As I said, I don’t think Constant Corp’s story is by any means unique. Companies that are quite successful in a major market are more often than not unable to replicate that success through applying their subsequent innovation to new markets, or even to the same market for that matter. They become overly conservative and unnecessarily risk averse. For a while at least, talented engineers still innovate, but their innovations are slowly starved to death or killed off outright by growing numbers of corporate ‘antibodies’ whose job, it would seem, is to prevent new, innovative products from ever reaching the market.   In some cases there is concern about eroding existing markets, which seems like a reasonable concern. The argument can be made though that if you don’t introduce a new technology yourself, a [new] competitor likely will. And in the latter case you will have very little control over the rate of migration to that new technology. But even valid concern about protecting existing markets shouldn’t spill over to products targeting new markets. Instead, innovations in new markets are sometimes stopped in their tracks by declaring them too far away from the company’s existing markets, even in the case of adjacent markets that should be relatively easy to pursue. When these behaviors happen, the companies that allow them to happen in effect become victims of their own previous success and are unable to capitalize on their subsequent innovation.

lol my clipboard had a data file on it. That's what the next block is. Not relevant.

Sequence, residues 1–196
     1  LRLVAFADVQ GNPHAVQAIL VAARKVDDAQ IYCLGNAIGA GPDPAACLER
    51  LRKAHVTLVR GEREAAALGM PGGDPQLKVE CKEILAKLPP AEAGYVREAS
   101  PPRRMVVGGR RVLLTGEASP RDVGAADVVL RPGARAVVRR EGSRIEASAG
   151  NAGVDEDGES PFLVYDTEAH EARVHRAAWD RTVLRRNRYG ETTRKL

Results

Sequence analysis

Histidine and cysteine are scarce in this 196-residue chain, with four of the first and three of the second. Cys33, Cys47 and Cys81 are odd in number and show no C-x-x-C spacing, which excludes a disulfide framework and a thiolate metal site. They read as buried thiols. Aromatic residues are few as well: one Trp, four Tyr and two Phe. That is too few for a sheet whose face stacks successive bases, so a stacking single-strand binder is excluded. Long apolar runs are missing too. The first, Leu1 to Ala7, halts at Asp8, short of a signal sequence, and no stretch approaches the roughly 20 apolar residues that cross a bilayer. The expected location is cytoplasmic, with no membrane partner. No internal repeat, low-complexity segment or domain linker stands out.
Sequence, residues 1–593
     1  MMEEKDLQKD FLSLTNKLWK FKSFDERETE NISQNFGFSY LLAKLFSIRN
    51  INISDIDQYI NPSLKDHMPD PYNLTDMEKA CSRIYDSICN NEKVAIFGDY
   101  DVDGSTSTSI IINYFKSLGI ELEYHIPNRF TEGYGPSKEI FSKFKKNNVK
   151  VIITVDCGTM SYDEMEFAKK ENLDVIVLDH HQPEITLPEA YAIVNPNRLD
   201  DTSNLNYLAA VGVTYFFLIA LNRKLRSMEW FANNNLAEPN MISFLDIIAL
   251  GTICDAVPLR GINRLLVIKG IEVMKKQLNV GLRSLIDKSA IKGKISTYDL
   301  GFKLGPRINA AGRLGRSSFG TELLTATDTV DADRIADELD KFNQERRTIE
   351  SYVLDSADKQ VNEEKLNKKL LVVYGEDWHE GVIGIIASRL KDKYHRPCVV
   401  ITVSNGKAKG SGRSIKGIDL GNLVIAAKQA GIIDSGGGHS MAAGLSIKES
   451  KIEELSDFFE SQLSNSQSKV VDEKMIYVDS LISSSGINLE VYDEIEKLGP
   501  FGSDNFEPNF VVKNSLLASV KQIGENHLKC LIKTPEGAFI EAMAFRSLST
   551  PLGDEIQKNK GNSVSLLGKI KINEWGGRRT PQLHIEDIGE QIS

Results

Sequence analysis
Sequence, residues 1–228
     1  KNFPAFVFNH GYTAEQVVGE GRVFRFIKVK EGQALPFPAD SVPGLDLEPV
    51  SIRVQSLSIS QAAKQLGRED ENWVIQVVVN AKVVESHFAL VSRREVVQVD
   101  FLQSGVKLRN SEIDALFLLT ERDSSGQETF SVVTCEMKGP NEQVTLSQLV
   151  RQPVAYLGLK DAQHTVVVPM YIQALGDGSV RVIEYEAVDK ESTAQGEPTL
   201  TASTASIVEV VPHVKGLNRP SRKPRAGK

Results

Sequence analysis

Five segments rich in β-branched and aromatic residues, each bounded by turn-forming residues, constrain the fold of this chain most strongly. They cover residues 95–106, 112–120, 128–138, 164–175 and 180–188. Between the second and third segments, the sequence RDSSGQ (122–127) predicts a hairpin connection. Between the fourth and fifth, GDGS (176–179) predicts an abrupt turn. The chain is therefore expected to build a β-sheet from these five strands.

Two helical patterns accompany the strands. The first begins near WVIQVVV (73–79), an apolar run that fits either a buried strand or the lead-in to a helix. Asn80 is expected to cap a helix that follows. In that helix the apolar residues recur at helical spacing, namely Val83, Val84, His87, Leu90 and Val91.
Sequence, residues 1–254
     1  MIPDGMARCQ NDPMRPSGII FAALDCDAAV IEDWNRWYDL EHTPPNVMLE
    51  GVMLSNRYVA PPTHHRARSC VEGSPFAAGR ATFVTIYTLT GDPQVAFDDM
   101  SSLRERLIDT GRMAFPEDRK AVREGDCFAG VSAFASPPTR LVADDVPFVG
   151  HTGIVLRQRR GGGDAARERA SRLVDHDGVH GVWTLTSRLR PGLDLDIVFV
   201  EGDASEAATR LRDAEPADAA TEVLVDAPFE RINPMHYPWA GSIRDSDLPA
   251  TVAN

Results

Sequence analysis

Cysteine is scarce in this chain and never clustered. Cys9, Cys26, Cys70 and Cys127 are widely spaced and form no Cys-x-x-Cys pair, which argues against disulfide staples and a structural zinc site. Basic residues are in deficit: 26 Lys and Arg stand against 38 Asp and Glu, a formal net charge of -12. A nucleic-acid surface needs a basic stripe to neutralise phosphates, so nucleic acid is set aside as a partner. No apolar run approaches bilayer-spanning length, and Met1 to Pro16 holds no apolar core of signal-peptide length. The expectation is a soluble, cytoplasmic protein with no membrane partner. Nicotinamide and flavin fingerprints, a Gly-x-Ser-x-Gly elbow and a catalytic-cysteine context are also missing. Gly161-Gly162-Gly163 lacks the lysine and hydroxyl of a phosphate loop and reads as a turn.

So what’s the solution here? Let’s start by acknowledging that large enterprises are often not successful at leveraging innovation from the inside out. Maybe that’s not such a good model anyway. Maybe a better model is to encourage outside innovators and entrepreneurs to do what they do well – to take risks, try new things, to fail more often than not, but to sometimes succeed. Seeing large enterprises funding ventures outside their own walls and acquiring start-ups at increasing frequency is in many ways a positive development. So let’s embrace that model and make it work even more effectively. It’s odd to think that in some cases that comparable technology developed outside might be valued more than something developed in a company’s own R&D labs, but maybe there is something about technology ‘bred in the wild’ that gives it an evolutionary edge. If this model works, maybe we’ll see more and better results for our collective innovation spend. Perhaps innovative technologies will find their way to market in better ways. Perhaps they’ll benefit from the combination of the spunkiness of start-ups augmented with the experience that large enterprises can bring in areas such as scalability and customer focus. It’s certainly worth a try.

From Huffington Post: Why Big Companies Don’t Innovate

From WSJ: Javelin to Bring Lean Start-Up Model to Big Enterprises